Moving forward with citywide conversations about homelessness, a group of nearly 40 gathered on Monday afternoon for the largest ad hoc committee on homelessness meeting since its formation.
This surge in committee meeting attendance showed dedication from people across the city to solve the homelessness problem, according to Mayor Cameron Smyth.
“This is the largest turnout and yet Santa Clarita has one of the smallest homeless populations in Los Angeles County,” Smyth said. “That is exactly what this community is all about.”
Comprised city staff, service providers, school officials and volunteers, the group met for the first time since Santa Clarita’s homeless count was released at the end of July.
Since city homeless statistics rose from 316 in 2016 to 331 in 2017, attendees discussed concern with the increase and asked one another about best steps for moving forward.
Various attendees cited the need for more affordable housing in the city, so Smyth decided to make that the focus of the next ad hoc meeting.
“To be clear, the city has stepped up already when a private developer said they were willing to do it,” Smyth said. “We’re not standing in anyone’s way.”
Though, the mayor said the complaint he most often hears from community members is that there is already too much housing development and Santa Clarita is overcrowded.
Leaving it to developers
Councilwoman Marsha McLean, the other half of the committee alongside the mayor, said bringing more affordable housing to Santa Clarita will be up to developers.
“I can’t imagine being in the development business as a city council,” McLean said.
In fact, McLean said she has repeatedly heard that the city needs more affordable housing.
“If a developer comes and is willing to build these units, we’re not saying ‘no,’” McLean said. “I think we’d have more developers come in here if it wasn’t so difficult and expensive.”
Participants in Monday’s discussion also reviewed share of the pie via Measure H funding.
As in past meetings, attendees discussed the desire to make the most of the Measure H money that will be coming through Santa Clarita as the result of the quarter-cent tax increase passed by voters in March.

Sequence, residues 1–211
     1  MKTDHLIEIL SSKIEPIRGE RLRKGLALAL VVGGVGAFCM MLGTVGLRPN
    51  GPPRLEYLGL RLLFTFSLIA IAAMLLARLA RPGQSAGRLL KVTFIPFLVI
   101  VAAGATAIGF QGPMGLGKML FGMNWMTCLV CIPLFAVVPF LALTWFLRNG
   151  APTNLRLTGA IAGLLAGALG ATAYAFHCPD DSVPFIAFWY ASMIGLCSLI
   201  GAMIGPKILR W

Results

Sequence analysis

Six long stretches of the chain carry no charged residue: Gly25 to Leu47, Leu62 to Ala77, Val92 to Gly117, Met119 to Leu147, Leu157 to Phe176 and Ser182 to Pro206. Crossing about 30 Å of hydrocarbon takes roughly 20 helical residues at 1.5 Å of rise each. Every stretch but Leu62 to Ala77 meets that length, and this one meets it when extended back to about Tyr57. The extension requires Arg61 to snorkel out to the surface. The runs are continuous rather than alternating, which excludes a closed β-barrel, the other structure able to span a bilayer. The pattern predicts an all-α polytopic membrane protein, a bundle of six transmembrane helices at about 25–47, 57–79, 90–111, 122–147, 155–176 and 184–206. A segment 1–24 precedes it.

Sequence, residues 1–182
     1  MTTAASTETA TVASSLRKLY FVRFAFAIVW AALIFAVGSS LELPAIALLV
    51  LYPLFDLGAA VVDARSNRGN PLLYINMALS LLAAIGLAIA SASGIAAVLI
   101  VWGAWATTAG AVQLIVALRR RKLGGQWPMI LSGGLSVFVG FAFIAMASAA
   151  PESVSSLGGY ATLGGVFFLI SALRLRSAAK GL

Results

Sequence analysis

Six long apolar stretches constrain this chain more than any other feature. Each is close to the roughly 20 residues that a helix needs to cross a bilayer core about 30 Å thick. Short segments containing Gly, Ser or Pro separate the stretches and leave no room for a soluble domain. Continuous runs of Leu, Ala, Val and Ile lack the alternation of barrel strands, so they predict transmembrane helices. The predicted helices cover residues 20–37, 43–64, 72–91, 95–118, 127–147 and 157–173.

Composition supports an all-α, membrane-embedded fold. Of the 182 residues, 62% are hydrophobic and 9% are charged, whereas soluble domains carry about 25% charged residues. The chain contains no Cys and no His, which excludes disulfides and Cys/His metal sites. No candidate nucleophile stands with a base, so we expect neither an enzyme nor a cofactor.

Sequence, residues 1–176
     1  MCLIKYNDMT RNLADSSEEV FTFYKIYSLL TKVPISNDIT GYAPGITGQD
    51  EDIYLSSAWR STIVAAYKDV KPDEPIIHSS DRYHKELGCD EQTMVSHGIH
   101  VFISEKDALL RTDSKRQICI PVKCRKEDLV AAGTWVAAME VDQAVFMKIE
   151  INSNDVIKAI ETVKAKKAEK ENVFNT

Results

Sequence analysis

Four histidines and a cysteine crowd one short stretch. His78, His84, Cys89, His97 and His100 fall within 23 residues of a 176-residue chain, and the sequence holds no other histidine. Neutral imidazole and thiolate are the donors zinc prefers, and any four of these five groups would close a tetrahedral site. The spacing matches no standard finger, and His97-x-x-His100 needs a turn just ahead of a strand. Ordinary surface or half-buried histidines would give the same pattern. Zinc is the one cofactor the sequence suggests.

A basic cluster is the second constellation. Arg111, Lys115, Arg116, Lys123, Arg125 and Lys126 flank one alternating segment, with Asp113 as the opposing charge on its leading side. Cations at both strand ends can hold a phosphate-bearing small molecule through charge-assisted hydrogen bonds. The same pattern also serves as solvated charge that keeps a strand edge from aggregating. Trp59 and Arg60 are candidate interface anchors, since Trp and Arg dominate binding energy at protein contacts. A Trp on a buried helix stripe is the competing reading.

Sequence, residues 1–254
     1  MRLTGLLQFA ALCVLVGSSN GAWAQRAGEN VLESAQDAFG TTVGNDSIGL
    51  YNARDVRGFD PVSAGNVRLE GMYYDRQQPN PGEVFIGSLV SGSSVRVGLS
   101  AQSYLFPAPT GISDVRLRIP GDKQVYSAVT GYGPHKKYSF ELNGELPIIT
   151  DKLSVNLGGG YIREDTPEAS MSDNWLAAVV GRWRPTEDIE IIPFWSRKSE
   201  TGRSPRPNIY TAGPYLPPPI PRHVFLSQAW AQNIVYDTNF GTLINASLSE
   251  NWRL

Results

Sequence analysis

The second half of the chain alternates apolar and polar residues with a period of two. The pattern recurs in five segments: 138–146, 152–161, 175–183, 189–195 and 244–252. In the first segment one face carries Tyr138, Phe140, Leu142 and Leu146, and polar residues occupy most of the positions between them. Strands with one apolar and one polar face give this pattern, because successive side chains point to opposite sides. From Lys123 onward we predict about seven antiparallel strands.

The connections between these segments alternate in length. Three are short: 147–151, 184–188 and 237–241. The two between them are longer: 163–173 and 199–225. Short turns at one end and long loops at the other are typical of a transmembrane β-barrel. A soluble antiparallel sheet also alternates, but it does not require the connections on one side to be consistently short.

Government funding is restrictive, so continued partnerships with the philanthropic community will be important, according to Executive Director and Deputy CEO of PATH Katie Hill.
“Some of the existing programs don’t fit into those Measure H categories,” Hill said. “How are we going to modify existing programs to fit under that?”
Though Measure H will take effect soon, Hill anticipates the homeless count will continue to rise over the coming years because vacancy rates are low and rents are high in L.A. County.
“Measure H doesn’t mean we’re fixing this problem that has been decades in the making,” she said. “It’s a drop in the bucket.”
Joan Adeeb, a volunteer with Saint Kateri Tekakwitha Catholic Church, said she believed expanding the local homeless shelter to be year-round and to have a larger capacity should be the main priority.
“You’re spending all is this money and it’s going down the drain,” Adeeb said. “You have to give them a bed.”
Child and Family Center CEO Joan Aschoff asked about strategies to attain funding for programs and services that the center had not provided before but wanted to start doing, such as opening a group home for homeless youth.
“We’re willing and we have the expertise,” Aschoff said. “We don’t want to be disqualified from funding because we don’t have experience in something but want to do it in the future.”